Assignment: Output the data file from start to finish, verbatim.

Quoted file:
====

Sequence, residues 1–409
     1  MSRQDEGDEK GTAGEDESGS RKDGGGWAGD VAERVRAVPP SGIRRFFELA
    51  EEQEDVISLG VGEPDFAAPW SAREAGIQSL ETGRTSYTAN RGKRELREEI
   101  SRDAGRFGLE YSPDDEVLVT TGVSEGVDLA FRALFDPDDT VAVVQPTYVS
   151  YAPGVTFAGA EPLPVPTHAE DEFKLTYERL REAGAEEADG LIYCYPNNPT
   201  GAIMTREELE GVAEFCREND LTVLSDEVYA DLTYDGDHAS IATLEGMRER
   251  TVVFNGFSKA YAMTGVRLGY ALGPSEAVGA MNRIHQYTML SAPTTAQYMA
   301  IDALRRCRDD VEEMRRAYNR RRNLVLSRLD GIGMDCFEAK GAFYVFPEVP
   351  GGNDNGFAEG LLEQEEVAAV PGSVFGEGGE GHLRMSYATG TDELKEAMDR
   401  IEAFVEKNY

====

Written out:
Sequence, residues 1–409
     1  MSRQDEGDEK GTAGEDESGS RKDGGGWAGD VAERVRAVPP SGIRRFFELA
    51  EEQEDVISLG VGEPDFAAPW SAREAGIQSL ETGRTSYTAN RGKRELREEI
   101  SRDAGRFGLE YSPDDEVLVT TGVSEGVDLA FRALFDPDDT VAVVQPTYVS
   151  YAPGVTFAGA EPLPVPTHAE DEFKLTYERL REAGAEEADG LIYCYPNNPT
   201  GAIMTREELE GVAEFCREND LTVLSDEVYA DLTYDGDHAS IATLEGMRER
   251  TVVFNGFSKA YAMTGVRLGY ALGPSEAVGA MNRIHQYTML SAPTTAQYMA
   301  IDALRRCRDD VEEMRRAYNR RRNLVLSRLD GIGMDCFEAK GAFYVFPEVP
   351  GGNDNGFAEG LLEQEEVAAV PGSVFGEGGE GHLRMSYATG TDELKEAMDR
   401  IEAFVEKNY